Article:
So much is falling apart, and of all this we are a part. I definitely live in a bubble here in Plettenberg Bay. One more prick and the bubble will burst. Hundreds of pricks have been happening here in this beleaguered country – rioting, burning of academic institutions, burning tyres on national roads, our stock exchange crashing, murders and assassinations galore, appalling road deaths most times due to overloading of taxis and buses and aggro drivers who do not know what a speed limit means, ongoing commissions of enquiry into corrupt politicians, and wondering whether the ratings agency is going to downgrade us even further …
And yet – what is the limit? And if that limit is reached and the threads break irrevocably, then what? What is our limit? Can a limit be limiting? Can we look at all that is happening in some other way and endure our discomfort in the process? Can we rethink our attitude to all that is happening and see our own role in the larger world view? Could the breaking down of the world as we know it be some sort of break through, where we use our hearts instead of our heads?
Can all that is being put on hold such as concerts, gatherings, sports events, travel and much else besides, be an opportunity to pause, be still and find the meaning in all of this – because that is what we have to do, find meaning, even if it means asking difficult questions. What does it feel like to have my freedoms taken away at least temporarily, in service to the greater good? Can I isolate myself to some extent so as not to be an agent of spreading the virus? Can I turn inwards, towards the heart, and listen to its messages –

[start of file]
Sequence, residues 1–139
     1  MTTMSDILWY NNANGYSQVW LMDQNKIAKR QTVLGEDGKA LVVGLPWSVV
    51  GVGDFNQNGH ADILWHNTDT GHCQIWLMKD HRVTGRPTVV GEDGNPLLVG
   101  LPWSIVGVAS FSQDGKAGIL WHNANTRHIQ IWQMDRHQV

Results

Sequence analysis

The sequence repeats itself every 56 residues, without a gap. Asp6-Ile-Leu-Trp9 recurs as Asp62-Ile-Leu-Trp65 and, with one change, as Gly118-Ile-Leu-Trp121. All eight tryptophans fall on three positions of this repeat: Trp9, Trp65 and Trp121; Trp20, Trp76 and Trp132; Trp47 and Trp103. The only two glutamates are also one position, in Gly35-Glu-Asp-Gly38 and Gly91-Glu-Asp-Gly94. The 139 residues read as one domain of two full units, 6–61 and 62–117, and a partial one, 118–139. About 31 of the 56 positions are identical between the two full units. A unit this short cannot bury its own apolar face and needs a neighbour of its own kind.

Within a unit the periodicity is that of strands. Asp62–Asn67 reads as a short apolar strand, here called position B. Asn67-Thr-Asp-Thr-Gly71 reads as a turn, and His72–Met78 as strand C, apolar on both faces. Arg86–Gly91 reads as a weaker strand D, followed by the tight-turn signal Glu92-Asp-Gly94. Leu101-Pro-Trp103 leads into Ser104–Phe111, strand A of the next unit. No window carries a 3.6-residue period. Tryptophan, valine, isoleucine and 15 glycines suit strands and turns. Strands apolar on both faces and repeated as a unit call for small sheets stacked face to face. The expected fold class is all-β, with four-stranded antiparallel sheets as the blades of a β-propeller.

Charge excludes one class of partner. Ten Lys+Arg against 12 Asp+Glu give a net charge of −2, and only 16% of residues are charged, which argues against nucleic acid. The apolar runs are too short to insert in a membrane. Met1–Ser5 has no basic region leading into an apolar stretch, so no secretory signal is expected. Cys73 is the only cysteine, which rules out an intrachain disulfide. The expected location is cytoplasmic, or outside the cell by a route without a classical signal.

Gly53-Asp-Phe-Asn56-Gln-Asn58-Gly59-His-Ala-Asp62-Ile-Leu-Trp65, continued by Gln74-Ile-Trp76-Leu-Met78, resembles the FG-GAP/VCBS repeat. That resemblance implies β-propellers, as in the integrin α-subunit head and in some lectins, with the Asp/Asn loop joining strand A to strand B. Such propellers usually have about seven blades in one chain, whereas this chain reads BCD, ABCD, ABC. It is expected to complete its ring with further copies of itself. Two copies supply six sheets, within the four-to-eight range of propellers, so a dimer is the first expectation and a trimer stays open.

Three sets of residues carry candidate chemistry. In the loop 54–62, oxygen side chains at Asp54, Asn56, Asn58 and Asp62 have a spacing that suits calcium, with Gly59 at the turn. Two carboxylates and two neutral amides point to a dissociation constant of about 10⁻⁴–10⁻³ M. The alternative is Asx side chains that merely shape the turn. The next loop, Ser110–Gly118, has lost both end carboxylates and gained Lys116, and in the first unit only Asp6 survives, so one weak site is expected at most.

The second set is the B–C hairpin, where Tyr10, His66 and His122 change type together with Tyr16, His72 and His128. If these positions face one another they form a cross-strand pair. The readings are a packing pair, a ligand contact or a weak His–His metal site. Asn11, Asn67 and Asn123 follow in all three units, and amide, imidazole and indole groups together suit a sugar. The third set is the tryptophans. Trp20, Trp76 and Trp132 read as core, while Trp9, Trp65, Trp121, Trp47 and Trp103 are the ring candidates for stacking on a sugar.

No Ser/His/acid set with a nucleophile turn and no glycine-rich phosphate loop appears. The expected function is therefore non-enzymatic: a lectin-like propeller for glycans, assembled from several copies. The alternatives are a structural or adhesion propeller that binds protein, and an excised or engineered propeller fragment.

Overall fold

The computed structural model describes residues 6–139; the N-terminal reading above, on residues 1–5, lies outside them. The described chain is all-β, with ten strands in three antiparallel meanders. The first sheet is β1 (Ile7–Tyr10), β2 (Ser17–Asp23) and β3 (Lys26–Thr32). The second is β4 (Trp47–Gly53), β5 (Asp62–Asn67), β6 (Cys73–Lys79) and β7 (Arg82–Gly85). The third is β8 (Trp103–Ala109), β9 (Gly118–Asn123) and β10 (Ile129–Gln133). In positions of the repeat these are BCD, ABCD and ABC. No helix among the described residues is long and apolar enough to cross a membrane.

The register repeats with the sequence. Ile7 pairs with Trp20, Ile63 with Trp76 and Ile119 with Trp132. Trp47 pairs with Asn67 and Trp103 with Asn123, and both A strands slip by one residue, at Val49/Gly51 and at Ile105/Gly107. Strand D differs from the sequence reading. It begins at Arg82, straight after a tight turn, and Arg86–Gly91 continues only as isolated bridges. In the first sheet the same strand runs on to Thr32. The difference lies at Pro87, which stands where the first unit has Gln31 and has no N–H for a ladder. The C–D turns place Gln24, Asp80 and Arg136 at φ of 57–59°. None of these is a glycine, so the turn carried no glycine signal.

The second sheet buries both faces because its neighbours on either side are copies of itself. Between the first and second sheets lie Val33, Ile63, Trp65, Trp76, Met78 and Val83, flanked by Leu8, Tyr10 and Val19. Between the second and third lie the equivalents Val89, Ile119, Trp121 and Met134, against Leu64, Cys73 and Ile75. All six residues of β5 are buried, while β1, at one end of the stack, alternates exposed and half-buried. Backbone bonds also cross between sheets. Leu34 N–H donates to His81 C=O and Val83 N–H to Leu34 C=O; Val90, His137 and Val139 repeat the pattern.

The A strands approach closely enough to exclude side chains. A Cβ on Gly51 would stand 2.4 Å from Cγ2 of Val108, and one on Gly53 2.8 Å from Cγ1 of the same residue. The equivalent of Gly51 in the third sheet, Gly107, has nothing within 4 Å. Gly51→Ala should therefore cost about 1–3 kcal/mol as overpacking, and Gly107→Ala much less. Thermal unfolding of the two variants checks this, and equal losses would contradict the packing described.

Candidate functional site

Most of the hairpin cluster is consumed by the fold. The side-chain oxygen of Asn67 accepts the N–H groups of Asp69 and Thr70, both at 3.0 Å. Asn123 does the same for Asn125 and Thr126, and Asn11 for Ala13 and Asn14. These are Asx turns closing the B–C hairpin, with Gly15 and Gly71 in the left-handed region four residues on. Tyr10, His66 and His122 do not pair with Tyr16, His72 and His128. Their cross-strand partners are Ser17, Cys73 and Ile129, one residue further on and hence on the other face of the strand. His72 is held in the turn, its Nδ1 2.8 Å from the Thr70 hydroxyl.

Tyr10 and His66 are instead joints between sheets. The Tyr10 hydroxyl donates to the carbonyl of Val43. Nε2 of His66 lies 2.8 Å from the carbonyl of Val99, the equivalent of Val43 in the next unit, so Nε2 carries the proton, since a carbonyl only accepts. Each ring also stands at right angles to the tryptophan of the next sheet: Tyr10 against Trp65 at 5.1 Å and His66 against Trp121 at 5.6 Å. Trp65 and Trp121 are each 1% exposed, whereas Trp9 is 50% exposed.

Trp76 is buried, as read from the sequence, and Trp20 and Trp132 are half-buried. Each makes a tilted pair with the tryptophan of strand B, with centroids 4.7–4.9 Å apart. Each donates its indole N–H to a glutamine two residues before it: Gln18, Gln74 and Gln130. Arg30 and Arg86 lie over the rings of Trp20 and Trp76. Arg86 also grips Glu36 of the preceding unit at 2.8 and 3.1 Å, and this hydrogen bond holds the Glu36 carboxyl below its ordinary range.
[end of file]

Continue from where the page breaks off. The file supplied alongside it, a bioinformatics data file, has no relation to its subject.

This little spider appeared on my computer today. It crawls up onto the screen and then falls back into the crack between screen and keyboard, disappears for a moment, re-appears, is still, then starts its journey again, upwards.
There’s something about this little spider that speaks to me even if I am a bit scared of them. And the snake as mentioned above is something I hope to not come across in my house. But I do know that what can kill can also cure. And I’m hoping that this virus and all that it means in our lives, brings about transcendence in one way or the other and that we see our way through it. And that Grace and Unity helps us along. We’re aware of medical teams and staff working under extreme pressure and our gratitude goes to them too.
It’s hard to believe that it’s the last Friday of this month 2020! January is whizzing by at the rate of knots, like much else that is happening in the world.
I wonder every day what this day will bring. Uppermost in mind is the safety of us all in this troubled world.